City Council members and mayors from across Southern California have adopted an eight-year regional housing plan, which Los Angeles officials said will make residential development requirements more equitable, but representatives from some cities said requires an overburdening amount of new units.

The plan adopted Thursday by the Southern California Association of Governments allocates 1.3 million housing units to Southland municipalities, based on a state requirement.

The number of affordable units each city is required to build is based on household growth, access to transit and jobs. Input from localities is also taken into consideration, according to the state-mandated Regional Housing Needs Assessment.

The SCAG Regional Council is expected to publish a draft of the RHNA allocations on April 2.

In November, the regional council, which is made up of 86 city council members and mayors, voted to not use methods that rely heavily on household growth forecasts to determine where housing should be built.

Instead, the regional council will use a different method and examine a set of recommendations made by the 16-member Los Angeles voting bloc to see if the original plan’s numbers will be “significantly” altered.

The regional council’s methodology could result in the allocation of about 455,000 units to be built in Los Angeles in the next eight years — and increase Beverly Hills’ allocation, for example, to more than 3,100 units, according to a spreadsheet that SCAG officials distributed.

In late February, a letter from Cerritos was submitted to a SCAG subcommittee that asked them to use a third methodology that emphasizes household growth.

This method would have reduced the number of housing units some municipalities would have to build, but not as few as the original proposal, and Los Angeles and a couple others would still receive the lion’s share of required housing.

The latest proposal caused a rift in the SCAG board meeting, as some claimed that Los Angeles has not done its due diligence in assessing the amounts cities should receive.

Long Beach City Councilman Rex Richardson, the SCAG regional council vice president, said the 1.3 million units the state is requiring SCAG to divvy up among the cities is “not the right number,” and that SCAG staff and studies have found it’s too much.

“The question here is, is the methodology equitable and does it meet and … follow state law?” Richardson said. “If we win on the conversation of whether the number was right or wrong, then everyone’s numbers go down. That’s where the focus should be.”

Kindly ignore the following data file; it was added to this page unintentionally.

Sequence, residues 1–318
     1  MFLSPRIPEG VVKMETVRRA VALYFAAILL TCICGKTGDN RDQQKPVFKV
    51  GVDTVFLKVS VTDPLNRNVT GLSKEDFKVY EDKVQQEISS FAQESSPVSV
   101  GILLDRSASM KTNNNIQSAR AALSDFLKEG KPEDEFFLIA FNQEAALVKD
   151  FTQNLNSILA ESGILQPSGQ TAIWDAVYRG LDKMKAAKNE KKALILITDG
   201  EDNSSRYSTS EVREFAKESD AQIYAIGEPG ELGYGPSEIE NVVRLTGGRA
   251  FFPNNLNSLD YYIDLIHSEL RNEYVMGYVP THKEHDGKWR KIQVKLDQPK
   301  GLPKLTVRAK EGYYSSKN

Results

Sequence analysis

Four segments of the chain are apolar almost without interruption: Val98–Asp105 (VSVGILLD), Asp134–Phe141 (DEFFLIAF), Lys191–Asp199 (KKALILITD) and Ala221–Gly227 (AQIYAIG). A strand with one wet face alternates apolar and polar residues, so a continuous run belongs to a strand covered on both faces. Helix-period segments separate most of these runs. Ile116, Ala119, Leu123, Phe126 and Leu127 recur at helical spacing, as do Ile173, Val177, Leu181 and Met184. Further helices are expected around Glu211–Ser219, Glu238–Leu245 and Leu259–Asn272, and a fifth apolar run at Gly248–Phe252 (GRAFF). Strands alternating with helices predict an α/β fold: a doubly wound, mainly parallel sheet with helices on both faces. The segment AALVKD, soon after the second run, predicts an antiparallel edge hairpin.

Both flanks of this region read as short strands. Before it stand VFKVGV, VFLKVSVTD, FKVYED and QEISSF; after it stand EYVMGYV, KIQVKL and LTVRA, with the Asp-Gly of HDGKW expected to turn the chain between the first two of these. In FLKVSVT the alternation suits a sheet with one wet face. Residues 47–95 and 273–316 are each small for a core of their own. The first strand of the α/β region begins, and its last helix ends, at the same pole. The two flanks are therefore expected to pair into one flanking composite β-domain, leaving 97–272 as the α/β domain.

Los Angeles Mayor Eric Garcetti said he’d heard SCAG representatives say that the methodology that was approved in November was seen as a conspiracy engineered by Los Angeles to move housing units to other areas, yet the city is taking on more than it initially would have.

“There was really no conspiracy … and we’re all trying to do the best for our areas,” Garcetti said. “The state has (set) huge goals for us, and we don’t know … how we’re going to do more. I feel you. I hear you. We’re in that same predicament altogether. If we don’t figure out ways to knock down all the impediments, from financial to regulatory to the cost of building housing, we’re going to see our children’s dreams leave and go to another state.”

Irvine Mayor Pro Tempore Michael Carroll said the allocation of 23,000 units to his city of 280,000 is in no way equitable and he questioned the way the Regional Council came to its decision on the methodology.

“This (regional council) did not work together. This body had a process and the process consisted of meetings that were run by the committee chairs and multiple community functions,” Carroll said.

“That methodology was upended by the attendance of members who don’t think it’s important to attend and they’re busy doing other things, and I would daresay that we are all busy doing other things. If housing is that important, I find it strange that not a single member of this body from the city of Los Angeles sits on the (SCAG) Housing Committee.”

Los Angeles City Councilman David Ryu cautioned that if the regional council voted to start a new process of reviewing another methodology, the state’s Department of Housing and Community Development could step in, taking away their local control over the housing allocations

Los Angeles city officials argued that new housing needs to be built closer to where jobs are clustered and where people most need the housing.

Many cities that are not near job hubs and may not develop employment centers in the near future were initially allocated many more housing units than affluent cities such as Laguna Beach or Beverly Hills.

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